The drinks giant is also launching a “sustained programme” of grassroots activities designed to support hotels, cafes and restaurants hardest hit by the Covid-19 lockdown.
The raft of support includes a donation of “multimillion pounds” worth of media budget and advertising space to hundreds of existing commercial customers. Through the ad creator platform, Coke will help these small businesses develop ads for digital, social and outdoor to promote their restaurant, bar or shop.
Senior vice-president of marketing in EMEA, Walter Susini, insists it was right for the company to come off air and redirect $120m (£93m) into coronavirus relief efforts globally. Now with the advertising hiatus over, he hopes the campaign will inspire people to search for a “better normal”, although he admits society has been on a “difficult journey”.
One current difficulty for Coke is deciding what action to take regarding its social media boycott. The company joined the #StopHateforProfit campaign, pausing all paid and organic social media for at least 30 days beginning on 1 July. Now in the midst of reassessing its internal advertising standards and policies, Coke will discuss how it intends to proceed post-boycott in the coming days.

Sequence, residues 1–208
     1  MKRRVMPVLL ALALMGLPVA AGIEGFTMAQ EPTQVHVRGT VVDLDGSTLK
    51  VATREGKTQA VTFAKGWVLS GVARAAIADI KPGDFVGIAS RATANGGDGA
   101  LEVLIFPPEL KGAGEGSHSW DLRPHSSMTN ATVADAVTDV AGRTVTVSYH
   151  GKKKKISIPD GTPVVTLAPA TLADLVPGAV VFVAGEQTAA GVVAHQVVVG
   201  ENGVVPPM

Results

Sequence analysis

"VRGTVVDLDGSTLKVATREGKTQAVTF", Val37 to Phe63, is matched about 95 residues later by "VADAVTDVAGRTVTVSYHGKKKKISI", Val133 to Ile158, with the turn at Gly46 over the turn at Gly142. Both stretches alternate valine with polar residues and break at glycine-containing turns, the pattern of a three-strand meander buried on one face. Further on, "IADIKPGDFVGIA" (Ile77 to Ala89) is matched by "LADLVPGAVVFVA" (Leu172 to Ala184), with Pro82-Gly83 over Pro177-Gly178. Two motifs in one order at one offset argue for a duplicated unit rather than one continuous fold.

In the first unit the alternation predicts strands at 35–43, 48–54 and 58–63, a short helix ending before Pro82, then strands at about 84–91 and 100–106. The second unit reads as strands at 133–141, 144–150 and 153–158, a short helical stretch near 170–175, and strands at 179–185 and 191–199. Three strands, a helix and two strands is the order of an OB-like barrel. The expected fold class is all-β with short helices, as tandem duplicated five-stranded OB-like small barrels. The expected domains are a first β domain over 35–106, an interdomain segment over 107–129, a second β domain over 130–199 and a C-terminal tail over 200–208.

How the government’s new campaign will tackle adult health
We’ve already covered some of the government’s plans to tackle the UK’s obesity crisis with its junk food ad ban, but it isn’t stopping there. It also tasked Public Health England with addressing the problem with the launch of an adult health platform.
‘Better Health’ was conceived and developed in just eight weeks. It aims to build on what marketing director Sheila Mitchell calls a “reset moment” in the UK around health caused by the coronavirus crisis.
It will initially focus on obesity given the scale of the problem and the correlation between being overweight and being hospitalised due to Covid-19. This will be followed up with messaging around health issues such as exercise, smoking and mental wellbeing.
PHE is trying to strike a balance between getting people to realise the seriousness of the country’s health problems, but doing so without “nannying or hectoring”. It’s a fine line to tread, made even more difficult by the sensitive nature of talking about weight.
Yet as Mitchell says, if the coronavirus crisis can’t help the country reset its relationship with health nothing can.
NatWest reverses decision to scrap CMO role
At at time when a lot of brands appear to be retrenching from marketing – cutting spend and jobs – it’s refreshing to see a company understanding the value of the discipline.
Earlier this year, NatWest Group (then RBS) said it would scrap the CMO role following the retirement of David Wheldon, believing the board level marketing role to be surplus to requirements. Instead, it was in the market for a director of marketing that would not be such a heavyweight appointment or sit on the board.
What a difference five months makes. NatWest has reversed that decision and hired a CMO to the board who will report directly into CEO Alison Rose. She now describes the role as “vital”, saying that the banking group’s ability to talk to customers about how it does business will “set it apart”.
Margaret Jobling, previously CMO at Centrica Group, will take on the job. It’s a fantastic appointment on both sides and one that should help NatWest as it looks to put its past firmly behind it.